Rachel Bingham, an art teacher in Portland, Maine, learned this a few years back, when a guy broke it off after four months of a budding relationship. Among other reasons, he cited her $80,000 in student loan debt.

"He said it scared him," she recalls, "that it really made him anxious. And he just did not want to take on my responsibility."

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American Dreams: Then And Now
3:51 am
Sat June 30, 2012

Buried In Debt, Young People Find Dreams Elusive

Michelle Holshue racked up $140,000 in student loan debt while training to become a public health nurse. She's living her dream of helping others, she says, but never expected it "to be so hard."
Emily Bogle NPR

Originally published on Sat June 30, 2012 5:32 am

Growing up near Philadelphia, Michelle Holshue's dream was to serve those in need. Applying to nursing school at the University of Pennsylvania seemed like a smart move — in 2007.

Nursing jobs were plentiful. The students' running joke was that hospital executives would soon be stopping them in the street, begging them to come to work.

Then the economy tanked. For a time, Holshue was an Ivy League grad on unemployment and food stamps.

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U.S.
1:02 am
Tue June 19, 2012

Single Dads By Choice: More Men Going It Alone

Brian Tessier, who adopted two children as a single father, with son Ben. Tessier has started a hotline for prospective single dads.
Erika Hart Courtesy of Brian Tessier

Originally published on Tue June 19, 2012 1:22 pm

B.J. Holt always wanted to be a dad. As he approached 40, with no life partner in sight, he felt a version of the ticking biological clock.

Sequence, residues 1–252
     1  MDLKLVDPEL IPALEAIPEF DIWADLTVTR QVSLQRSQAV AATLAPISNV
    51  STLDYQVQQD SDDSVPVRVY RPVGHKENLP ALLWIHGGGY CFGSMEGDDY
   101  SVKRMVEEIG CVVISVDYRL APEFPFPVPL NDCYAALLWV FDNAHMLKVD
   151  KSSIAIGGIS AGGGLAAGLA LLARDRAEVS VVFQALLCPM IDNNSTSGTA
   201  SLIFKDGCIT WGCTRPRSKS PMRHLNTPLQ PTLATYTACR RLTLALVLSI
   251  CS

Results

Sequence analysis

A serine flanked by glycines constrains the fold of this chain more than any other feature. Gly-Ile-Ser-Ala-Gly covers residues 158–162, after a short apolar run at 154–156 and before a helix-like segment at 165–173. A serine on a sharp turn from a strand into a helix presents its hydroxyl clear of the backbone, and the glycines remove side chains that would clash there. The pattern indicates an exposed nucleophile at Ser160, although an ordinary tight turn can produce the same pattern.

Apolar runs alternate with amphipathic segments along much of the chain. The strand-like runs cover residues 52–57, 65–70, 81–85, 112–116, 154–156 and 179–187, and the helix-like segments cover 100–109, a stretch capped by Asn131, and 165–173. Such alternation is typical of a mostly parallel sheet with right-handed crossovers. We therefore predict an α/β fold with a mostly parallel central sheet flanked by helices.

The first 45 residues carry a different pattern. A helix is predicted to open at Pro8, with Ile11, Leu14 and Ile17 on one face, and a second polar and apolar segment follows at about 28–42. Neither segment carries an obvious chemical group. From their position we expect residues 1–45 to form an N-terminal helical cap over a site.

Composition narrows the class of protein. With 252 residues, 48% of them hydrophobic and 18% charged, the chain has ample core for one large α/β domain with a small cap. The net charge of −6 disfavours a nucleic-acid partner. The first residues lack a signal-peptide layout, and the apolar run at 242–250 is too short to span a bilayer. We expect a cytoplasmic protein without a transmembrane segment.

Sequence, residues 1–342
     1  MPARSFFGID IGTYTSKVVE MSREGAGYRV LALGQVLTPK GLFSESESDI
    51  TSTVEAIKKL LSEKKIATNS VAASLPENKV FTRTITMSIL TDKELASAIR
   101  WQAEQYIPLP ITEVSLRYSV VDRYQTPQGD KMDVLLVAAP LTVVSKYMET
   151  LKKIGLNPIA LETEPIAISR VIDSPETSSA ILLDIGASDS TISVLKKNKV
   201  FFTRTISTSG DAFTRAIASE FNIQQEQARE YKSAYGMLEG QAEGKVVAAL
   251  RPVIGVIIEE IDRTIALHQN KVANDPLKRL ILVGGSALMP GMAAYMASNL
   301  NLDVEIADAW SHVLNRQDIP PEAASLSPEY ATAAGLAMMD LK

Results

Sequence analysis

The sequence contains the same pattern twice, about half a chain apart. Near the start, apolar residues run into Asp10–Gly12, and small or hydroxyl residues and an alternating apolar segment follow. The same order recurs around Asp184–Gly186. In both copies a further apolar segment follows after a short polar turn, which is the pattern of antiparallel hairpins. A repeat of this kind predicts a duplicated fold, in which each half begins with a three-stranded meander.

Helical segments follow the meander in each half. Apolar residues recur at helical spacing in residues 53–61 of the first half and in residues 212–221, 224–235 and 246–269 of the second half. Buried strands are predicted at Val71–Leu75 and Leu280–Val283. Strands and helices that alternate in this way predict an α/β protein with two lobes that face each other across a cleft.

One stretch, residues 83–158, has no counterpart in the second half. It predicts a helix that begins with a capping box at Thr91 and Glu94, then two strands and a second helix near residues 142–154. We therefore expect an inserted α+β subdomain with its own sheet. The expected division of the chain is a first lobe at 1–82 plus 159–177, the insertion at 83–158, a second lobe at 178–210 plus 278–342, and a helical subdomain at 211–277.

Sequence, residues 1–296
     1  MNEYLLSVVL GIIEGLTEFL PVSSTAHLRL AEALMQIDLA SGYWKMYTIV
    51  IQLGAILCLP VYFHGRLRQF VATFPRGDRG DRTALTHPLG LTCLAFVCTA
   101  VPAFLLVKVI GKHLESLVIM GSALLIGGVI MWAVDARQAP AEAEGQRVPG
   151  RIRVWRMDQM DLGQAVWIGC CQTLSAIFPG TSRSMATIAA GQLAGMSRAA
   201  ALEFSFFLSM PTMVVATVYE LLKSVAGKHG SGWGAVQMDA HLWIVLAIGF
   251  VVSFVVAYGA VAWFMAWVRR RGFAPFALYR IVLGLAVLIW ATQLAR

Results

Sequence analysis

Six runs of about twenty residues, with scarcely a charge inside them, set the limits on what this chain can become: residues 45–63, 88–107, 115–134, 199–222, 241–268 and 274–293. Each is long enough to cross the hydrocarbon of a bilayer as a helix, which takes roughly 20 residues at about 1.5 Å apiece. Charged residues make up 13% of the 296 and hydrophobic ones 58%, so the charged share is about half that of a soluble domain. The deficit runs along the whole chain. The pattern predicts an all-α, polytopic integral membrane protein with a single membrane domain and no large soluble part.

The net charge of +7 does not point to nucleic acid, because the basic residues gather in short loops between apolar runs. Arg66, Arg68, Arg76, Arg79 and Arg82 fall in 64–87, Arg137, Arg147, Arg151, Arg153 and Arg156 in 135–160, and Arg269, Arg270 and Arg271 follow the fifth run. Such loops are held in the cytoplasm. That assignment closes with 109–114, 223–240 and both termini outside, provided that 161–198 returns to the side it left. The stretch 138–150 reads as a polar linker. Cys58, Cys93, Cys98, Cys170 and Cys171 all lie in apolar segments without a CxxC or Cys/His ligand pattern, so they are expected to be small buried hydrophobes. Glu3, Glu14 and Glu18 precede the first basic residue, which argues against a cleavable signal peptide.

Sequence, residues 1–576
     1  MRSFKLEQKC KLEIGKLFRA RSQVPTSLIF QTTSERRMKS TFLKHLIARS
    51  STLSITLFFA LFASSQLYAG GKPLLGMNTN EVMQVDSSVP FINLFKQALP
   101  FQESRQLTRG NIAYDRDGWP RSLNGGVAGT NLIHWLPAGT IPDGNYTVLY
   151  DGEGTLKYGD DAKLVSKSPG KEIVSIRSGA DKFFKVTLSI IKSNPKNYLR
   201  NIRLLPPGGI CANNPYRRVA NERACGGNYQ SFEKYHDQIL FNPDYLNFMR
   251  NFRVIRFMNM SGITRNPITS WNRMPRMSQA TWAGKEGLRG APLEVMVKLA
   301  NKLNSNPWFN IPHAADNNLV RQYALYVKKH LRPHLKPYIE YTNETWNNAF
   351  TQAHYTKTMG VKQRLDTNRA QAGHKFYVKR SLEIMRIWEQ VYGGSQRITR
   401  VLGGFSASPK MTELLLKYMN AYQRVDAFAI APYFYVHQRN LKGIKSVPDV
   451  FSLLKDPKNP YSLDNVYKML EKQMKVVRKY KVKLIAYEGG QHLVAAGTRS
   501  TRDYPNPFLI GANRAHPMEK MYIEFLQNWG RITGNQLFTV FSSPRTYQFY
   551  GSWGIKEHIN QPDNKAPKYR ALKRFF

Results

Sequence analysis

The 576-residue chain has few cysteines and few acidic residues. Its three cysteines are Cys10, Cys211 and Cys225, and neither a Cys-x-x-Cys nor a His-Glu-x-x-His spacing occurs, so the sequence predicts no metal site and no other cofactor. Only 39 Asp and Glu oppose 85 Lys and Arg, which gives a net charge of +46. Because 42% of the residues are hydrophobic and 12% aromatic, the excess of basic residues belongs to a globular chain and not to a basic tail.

"The 'having the children thing' started to overwhelm the desire to have the relationship first," Holt says. "They sort of switched on me."

So Holt decided to go it alone. A few years ago, he used an egg donor and a surrogate to create a family of his own.

First came Christina, now 4, a strawberry-blond bundle of energy who loves to stage ballet performances in the living room of their New York City apartment.

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Economy
12:54 am
Thu May 10, 2012

College Grads Struggle To Gain Financial Footing

Graduates of the University of Alabama's class of 2011. The economic downturn has hit recent college grads hard. New data show only half of those who graduated from 2006 to 2011 are working full time.
Butch Dill AP

Originally published on Thu May 10, 2012 2:48 am

Most of the estimated 1.5 million people graduating from a four-year college this spring will soon be looking for a job.

If the experiences of other recent college grads are any guide, many will be disappointed.

A new Rutgers University survey of those who graduated from college between 2006 and 2011 finds that just half of those grads are working full time.

Settling For Part Time

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Presidential Race
1:23 am
Fri April 20, 2012

Working Moms' Challenges: Paid Leave, Child Care

Many working mothers say their employers don't support them when they need to tend to a sick child. In this file photo, a single mother holds her child at a health clinic in Colorado.
John Moore Getty Images

Originally published on Fri April 20, 2012 6:55 am